Solar energy production using photovoltaic technology in Brazil is growing at a fast pace, even though it still accounts for less than 0.02% of the country’s energy grid. According to data from the Brazilian National Electricity Agency (ANEEL), during the first quarter of this year the installed potential in the country reached 107.6 megawatts (MW), 15 times more than the same period in 2015. To guide expansion of the use of this kind of energy in the country, the Brazilian National Institute for Space Research (INPE) has launched the second edition of the Brazilian Atlas of Solar Energy, which brings together a set of data accumulated over the past 17 years on the incidence of solar radiation and the places which are most suitable for installation of photovoltaic modules. The document replaces the first version of the Atlas, which was published in 2006 and gathered a smaller range of data related to the previous decade.
The Atlas, which was produced in collaboration with institutions such as the Federal Universities of São Paulo and Santa Catarina, the Federal University of Technology–Paraná, and the Federal Institute of Santa Catarina, has identified that Brazil has the potential to generate 2,281 kilowatt-hours of solar energy per square meter per year (kWh/m²/year), enough to supply annual residential demand in the states of Bahia and Pernambuco three times over. The study confirms that the highest values for solar radiation occur in the area known as the Solar Belt, a swath of land extending from the Northeast region of Brazil to the Pantanal wetlands (see Map), particularly the dry Sertão area of Bahia and a large part of Minas Gerais. A new development is the recommendation that investments in new photovoltaic generation plants also look farther south to areas in southwestern Minas Gerais, through northwestern São Paulo, and northern Paraná. Although these areas have slightly lower levels of solar radiation than the Northeast, they have access to more points for connecting to the country’s power transmission system.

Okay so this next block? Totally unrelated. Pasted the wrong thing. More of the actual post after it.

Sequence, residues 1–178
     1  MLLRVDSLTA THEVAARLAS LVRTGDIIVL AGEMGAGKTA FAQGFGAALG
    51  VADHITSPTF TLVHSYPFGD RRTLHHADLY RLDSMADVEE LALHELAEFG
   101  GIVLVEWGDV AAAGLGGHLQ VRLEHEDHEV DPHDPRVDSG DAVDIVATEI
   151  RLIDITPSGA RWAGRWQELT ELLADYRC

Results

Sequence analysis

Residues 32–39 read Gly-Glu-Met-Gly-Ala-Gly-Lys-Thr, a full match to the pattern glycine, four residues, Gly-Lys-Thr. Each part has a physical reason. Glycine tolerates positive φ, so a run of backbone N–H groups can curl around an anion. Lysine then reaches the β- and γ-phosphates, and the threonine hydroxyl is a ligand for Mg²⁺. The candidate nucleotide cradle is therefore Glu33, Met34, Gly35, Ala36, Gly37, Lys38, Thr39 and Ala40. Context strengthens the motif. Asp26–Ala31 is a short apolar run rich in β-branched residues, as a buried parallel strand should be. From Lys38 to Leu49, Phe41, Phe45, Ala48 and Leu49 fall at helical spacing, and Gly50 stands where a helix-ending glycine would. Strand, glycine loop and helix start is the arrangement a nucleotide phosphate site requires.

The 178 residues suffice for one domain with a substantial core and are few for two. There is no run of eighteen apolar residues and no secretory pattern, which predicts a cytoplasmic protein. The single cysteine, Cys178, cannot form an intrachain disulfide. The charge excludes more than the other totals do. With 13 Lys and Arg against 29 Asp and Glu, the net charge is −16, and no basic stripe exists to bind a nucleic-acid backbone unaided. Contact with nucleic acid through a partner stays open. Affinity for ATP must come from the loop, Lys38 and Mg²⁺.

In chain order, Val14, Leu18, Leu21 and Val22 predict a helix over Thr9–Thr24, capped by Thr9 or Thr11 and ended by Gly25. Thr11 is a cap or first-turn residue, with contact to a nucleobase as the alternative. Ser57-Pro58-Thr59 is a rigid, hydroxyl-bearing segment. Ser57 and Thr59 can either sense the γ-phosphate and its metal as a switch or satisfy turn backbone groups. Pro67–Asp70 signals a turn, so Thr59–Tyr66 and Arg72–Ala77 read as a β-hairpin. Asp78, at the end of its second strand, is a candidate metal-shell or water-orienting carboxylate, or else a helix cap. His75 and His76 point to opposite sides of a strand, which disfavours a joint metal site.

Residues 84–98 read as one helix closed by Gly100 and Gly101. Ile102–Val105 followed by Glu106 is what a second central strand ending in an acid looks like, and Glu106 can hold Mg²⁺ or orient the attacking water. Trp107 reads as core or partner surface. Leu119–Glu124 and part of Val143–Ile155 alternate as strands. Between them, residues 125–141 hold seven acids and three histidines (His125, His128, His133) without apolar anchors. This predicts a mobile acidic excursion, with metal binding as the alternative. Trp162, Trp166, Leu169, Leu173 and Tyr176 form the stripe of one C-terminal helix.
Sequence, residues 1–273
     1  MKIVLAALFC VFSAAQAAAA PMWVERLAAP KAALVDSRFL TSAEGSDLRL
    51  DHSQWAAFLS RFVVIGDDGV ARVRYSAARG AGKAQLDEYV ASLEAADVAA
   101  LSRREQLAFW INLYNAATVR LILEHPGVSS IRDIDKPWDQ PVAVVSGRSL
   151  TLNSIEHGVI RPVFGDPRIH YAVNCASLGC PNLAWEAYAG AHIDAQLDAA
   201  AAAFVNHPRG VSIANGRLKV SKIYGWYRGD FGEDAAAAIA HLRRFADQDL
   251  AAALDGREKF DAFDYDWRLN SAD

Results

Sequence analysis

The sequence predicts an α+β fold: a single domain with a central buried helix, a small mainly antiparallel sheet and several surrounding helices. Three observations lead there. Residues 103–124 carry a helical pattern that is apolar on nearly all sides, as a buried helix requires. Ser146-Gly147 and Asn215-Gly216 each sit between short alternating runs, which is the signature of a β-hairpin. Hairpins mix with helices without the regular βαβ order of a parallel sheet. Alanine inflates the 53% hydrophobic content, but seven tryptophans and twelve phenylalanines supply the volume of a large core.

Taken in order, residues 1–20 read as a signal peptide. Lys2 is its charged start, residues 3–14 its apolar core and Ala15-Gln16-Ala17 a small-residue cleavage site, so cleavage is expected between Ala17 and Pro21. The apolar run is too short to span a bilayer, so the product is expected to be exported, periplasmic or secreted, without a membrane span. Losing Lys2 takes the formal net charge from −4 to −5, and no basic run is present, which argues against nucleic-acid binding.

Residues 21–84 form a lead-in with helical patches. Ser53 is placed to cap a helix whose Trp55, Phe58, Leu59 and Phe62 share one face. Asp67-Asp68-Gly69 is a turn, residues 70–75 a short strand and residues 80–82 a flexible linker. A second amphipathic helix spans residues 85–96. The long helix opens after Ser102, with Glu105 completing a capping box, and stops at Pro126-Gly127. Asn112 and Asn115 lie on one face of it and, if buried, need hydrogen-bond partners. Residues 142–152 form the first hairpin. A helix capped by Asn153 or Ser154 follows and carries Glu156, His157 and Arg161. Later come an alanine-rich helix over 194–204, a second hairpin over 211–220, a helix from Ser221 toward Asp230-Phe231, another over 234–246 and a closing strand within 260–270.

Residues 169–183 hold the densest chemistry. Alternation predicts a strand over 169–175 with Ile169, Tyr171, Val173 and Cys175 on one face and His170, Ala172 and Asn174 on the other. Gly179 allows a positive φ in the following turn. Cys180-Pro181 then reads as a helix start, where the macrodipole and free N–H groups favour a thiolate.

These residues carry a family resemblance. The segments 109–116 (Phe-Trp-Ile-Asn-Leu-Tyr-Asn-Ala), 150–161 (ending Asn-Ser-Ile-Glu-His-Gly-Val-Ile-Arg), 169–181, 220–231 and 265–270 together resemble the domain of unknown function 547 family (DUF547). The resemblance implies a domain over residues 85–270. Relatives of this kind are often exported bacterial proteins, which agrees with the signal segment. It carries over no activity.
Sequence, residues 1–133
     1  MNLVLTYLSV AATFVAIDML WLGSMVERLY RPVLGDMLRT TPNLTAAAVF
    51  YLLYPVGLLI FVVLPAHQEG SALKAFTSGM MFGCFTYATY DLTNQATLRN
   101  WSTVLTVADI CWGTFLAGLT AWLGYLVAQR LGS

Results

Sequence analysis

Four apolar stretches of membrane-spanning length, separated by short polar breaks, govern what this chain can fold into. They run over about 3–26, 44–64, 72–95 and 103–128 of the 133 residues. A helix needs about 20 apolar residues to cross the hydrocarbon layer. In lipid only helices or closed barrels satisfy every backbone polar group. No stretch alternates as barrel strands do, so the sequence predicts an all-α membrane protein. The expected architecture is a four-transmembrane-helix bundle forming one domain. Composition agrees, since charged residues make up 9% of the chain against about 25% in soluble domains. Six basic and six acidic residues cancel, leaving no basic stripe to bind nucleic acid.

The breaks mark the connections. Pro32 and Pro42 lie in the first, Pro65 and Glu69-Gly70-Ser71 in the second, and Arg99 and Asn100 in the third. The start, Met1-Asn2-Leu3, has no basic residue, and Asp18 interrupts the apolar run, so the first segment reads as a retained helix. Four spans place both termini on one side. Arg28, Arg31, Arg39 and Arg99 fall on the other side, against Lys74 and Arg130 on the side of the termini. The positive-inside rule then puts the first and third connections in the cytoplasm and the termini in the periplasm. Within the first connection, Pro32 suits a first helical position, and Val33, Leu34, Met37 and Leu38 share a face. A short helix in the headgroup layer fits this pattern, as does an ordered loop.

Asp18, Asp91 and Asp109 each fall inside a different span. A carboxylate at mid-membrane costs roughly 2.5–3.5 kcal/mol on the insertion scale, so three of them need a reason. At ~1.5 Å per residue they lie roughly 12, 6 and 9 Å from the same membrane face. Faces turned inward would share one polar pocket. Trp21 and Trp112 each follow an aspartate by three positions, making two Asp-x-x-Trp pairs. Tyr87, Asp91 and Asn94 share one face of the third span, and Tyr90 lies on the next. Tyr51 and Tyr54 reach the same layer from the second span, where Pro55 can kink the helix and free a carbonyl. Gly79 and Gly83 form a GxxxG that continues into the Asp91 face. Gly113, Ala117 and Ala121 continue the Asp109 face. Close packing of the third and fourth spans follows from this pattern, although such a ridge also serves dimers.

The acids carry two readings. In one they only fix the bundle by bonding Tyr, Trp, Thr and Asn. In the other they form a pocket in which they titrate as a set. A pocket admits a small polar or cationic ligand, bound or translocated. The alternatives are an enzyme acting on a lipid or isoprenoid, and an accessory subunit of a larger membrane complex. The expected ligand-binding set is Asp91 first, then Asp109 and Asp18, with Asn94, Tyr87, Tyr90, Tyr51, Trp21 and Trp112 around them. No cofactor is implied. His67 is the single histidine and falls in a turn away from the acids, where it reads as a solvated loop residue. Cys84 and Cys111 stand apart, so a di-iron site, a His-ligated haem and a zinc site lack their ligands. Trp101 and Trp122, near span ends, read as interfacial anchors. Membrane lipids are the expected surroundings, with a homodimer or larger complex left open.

“The states in the Northeast have more frequent sun, but are in a region with fewer options to connect with the national electricity distribution network. This could make projects in the region unfeasible, since it makes connecting the photovoltaic plants to the distribution networks more expensive,” explains physicist Enio Pereira, a researcher at the Laboratory of Modeling and Studies of Renewable Energy Resources at INPE and the coordinator of the study. The goal is to avoid problems like the ones which appeared in the production of wind power in the country. “Some wind farms were installed in the Northeast without sufficient transmission lines. This situation ended up necessitating new investments in energy transport.” The cost of deploying solar energy is still high; it currently costs approximately R$8 million to build a solar generation plant with 1 MW installed capacity. This represents an average of three times the cost of constructing a wind generation plant with the same capacity. Brazil has some solar arrays, such as the Tauá solar plant in Ceará and the Cidade Azul plant in Tubarão, Santa Catarina.